Windhoek-Development Bank of Namibia (DBN) is visiting southern Namibia to encourage borrowing to establish larger enterprises, small and medium enterprises, and infrastructure, Senior Communication Manager, Jerome Mutumba, has confirmed.
Information sessions are being held in Rehoboth, Mariental, Lüderitz and Oranjemund.
According to Mutumba, borrowing in the Hardap Region has been low since 2016, and the bank’s visit is intended to stimulate demand. The region has potential for enterprise development, particularly in the form of secondary sector offshoots of the agricultural sector, such as agri-processing and food manufacturing. He added that the bank is also particularly interested in the transport and logistics, and tourism sectors. He also said the bank will be seeking to seize financing opportunities in local authorities planning to expand infrastructure.
Regarding //Karas Region, Mutumba said borrowing levels were reasonable in 2016 but low in 2017.
The bank is particularly optimistic for the Port of Lüderitz, Mutumba said, adding that ports are traditional sources of activity for light and heavy industry. He also said Lüderitz mariculture and fishing industries can also benefit from the bank’s finance.
The logistics sector, he said, is likely to grow in the short to medium-term on the basis of development of trade, and import and export activities, between Namibia and the Northern Cape in South Africa.
Mutumba added that the bank expects a boom in Lüderitz in the medium to long-term, and that this would put pressure on the town’s infrastructure. The bank’s finance for infrastructure will help in alleviating the needs for infrastructure, as well as stimulating the local construction industry.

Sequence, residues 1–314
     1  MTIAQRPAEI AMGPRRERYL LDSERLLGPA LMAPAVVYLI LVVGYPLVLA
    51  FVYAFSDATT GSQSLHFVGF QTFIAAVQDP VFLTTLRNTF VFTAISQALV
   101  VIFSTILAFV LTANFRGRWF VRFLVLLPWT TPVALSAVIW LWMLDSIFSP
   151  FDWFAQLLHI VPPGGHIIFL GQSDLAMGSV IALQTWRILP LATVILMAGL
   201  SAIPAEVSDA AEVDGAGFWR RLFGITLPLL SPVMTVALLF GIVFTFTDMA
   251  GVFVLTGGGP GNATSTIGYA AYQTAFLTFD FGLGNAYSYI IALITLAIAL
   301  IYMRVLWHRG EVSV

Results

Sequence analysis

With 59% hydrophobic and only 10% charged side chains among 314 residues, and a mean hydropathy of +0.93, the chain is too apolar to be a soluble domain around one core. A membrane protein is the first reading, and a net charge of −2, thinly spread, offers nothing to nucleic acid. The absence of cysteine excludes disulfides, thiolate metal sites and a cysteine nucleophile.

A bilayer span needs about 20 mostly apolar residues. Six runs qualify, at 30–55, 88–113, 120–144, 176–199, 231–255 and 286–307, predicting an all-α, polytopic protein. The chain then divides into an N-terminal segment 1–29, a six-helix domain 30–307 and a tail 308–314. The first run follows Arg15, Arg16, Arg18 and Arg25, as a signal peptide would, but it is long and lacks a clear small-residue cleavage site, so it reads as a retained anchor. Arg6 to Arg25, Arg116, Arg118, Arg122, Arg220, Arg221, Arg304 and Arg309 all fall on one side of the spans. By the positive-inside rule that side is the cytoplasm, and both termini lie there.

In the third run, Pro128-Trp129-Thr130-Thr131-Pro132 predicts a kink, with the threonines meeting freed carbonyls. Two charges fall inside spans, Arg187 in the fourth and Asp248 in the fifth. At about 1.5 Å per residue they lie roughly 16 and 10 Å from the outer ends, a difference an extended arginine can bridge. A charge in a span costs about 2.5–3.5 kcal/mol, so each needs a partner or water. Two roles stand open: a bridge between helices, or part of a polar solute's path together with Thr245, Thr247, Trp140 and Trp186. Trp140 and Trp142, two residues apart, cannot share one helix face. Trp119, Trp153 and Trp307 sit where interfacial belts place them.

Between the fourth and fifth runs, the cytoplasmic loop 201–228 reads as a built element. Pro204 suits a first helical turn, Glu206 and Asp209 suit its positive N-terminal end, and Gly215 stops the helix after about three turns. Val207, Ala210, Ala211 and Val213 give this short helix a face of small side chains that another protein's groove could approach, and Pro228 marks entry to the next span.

Talking about Oranjemund, Mutumba said the town is on the cusp of further development. The town’s economy has been driven by diamond extraction, but it can be further stimulated with SME activity in support of the diamond industry, as well as underexplored potential for tourism. The town also requires affordable housing, and the bank can assist contractors with finance for construction activities.
Talking holistically about Namibia’s south, Mutumba stated that the Hardap and //Karas regions are characterised by poverty, however, this could be addressed with financing that stimulates enterprise and infrastructure development.
Mutumba explained that finance and enterprise go hand in hand. Enterprise requires infrastructure, and the construction of infrastructure is justified by the needs of enterprise. The bank is looking for a healthy mix of financing opportunities for actors in both fields, and with its visit to the regions, it is opening doors to them.
The bank and the nation understand the need for transformation of regional economies, and is extending flexible financing packages that will materially improve prospects for development.
“We expect more from Hardap and //Karas and so entrepreneurs and town councils can expect more from DBN,” Mutumba said.